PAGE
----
It’s the most wonderful time of the year!… and for draft horse drivers, it’s one of the busiest times of the year too. Here are a few seasonal signs for our draft horse lovers.
The holiday season and horse-drawn sleighs go hand-in-hand: we’ve printed the image on everything from our Christmas cards to our cookie tins. We sing songs about it. No matter how much of a Grinch you might be, you have to admit that the sight of a horse-drawn wagon or sleigh coming down the road with the musical echoes of iron-shod hooves clip-clopping along to the sound of sleigh bells puts a little warmth and cheer in your heart.
However, if you are a draft horse driver, you’ve been in the Christmas spirit — whether you like it or not — for a long time now. Because that cheerful clip-clopping, bell-jingling Santa-parading horse-drawn wagon? That’s you, my friend. You are the bringer of Christmas.
Every time you see a parade, Santa greeting or tree-lighting ceremony advertised, a mysterious knot develops in your stomach. Because you know that if you haven’t already been booked to drive that event, you’ll get the call within the next 24 hours. Thanksgiving is only a 24-hour oasis in the middle of parade season, really. Your horses are on constant standby, polished and ready to go. Dust off those strings of bells you only use at this time of the year, maybe hum a little “Jingle Bells” to yourself if you’re feeling punchy. If you haven’t already had the farrier double-check those borium-studded shoes and given your wagon a thorough tune-up, time’s a-wasting!
End of November:
You’ve laid in a good supply of these … by the case. Yeah, sure, your hands and feet get cold when you’re riding, but it’s another thing entirely to be sitting on a wagon bench for a few hours straight in the same relative position in winter weather. I don’t care what kind of thermoinsulated boots you have or magic gloves that retain heat and wick moisture and make you a hot chocolate: your hands and your feet will get cold. Hot Hands are your new best friend.
Your Black Friday is spent with your jaw clenched, first at navigating your truck and trailer through madhouse traffic as you battle deal-seekers and then as you feel that first chill of winter all afternoon on the driver’s bench. Your blood will thicken as December progresses, but the first big drive is the coldest. Not even your Hot Hands can cut that chill.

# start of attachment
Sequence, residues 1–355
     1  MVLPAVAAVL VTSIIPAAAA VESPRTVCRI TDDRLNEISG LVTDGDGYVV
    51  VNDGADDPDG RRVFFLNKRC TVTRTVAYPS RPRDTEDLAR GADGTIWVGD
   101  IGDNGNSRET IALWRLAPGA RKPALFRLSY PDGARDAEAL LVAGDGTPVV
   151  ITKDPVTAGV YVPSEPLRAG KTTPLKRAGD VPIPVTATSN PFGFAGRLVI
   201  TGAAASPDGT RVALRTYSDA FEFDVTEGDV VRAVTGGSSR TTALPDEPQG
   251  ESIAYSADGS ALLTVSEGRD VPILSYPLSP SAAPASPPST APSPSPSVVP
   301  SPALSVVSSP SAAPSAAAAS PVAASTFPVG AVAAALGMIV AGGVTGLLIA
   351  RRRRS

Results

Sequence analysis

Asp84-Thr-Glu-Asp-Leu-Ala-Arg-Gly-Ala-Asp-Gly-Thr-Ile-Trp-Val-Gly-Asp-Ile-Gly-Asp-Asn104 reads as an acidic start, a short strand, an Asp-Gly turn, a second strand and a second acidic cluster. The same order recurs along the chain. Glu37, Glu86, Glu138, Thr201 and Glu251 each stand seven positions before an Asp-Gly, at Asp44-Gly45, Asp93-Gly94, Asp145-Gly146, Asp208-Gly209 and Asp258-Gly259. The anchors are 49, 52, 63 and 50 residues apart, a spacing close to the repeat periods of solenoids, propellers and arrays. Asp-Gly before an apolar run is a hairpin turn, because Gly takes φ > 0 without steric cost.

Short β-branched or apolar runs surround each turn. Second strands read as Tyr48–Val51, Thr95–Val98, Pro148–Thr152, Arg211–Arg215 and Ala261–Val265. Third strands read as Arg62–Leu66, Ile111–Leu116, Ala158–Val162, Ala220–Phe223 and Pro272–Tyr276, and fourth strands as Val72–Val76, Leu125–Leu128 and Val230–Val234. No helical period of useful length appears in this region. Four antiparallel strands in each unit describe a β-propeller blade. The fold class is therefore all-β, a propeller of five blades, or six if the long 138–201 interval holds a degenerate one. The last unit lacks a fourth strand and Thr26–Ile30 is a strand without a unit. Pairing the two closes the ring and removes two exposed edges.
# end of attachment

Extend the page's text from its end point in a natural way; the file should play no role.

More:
No further explanation necessary. “Clydesdales” have become to draft horses what “Kleenex” has become to facial tissues.
You now hate this song. Remember when you hummed that song to yourself happily when you were preparing your harness in November? That was before every single person who went on a wagon or sleigh ride with you this month decided to sing it… over and over and over again.
Speaking of jingling bells, that sound never really leaves you. It’s all you hear for three to five hours a day, and it’s all you hear when you close your eyes at night. You feel like maybe your head is actually a snowglobe, but you’re too tired to care. (Turn your volume up when you watch the above video for maximum effect.)
The week of Christmas:
Remember that scene in Black Beauty where Jerry Barker, the nice cab driver, waits for hours on the driver’s bench in the winter cold, getting sicker by the minute while waiting for his customers to leave the party? Of course you remember, because you’re living it, in your own way: mysteriously, no one ever remembers the driver. True story: on a cold night of wagon rides, an event coordinator walked up to the wagon and handed my sister-in-law and me each a Styrofoam cup of instant hot chocolate and a crumbly cookie. It was the nicest gesture we had ever received as drivers and we literally stared at her in wonder before remembering our manners and thanking her profusely.
As long as you’re not the poor guy who’s still giving wagon rides all over the neighborhood for truly last-minute celebrations, you’re counting your blessings, thawing your frozen fingers and toes and rejoicing that Christmas is here at last. You step into the barn for evening chores and your draft horses look back at your fondly with those ancient and ever-patient eyes, and you remember that all the hours of hard work and probable suffering were totally worth it for this moment, the strange magic surrounding your big horses, and you know you’re the luckiest person in the world.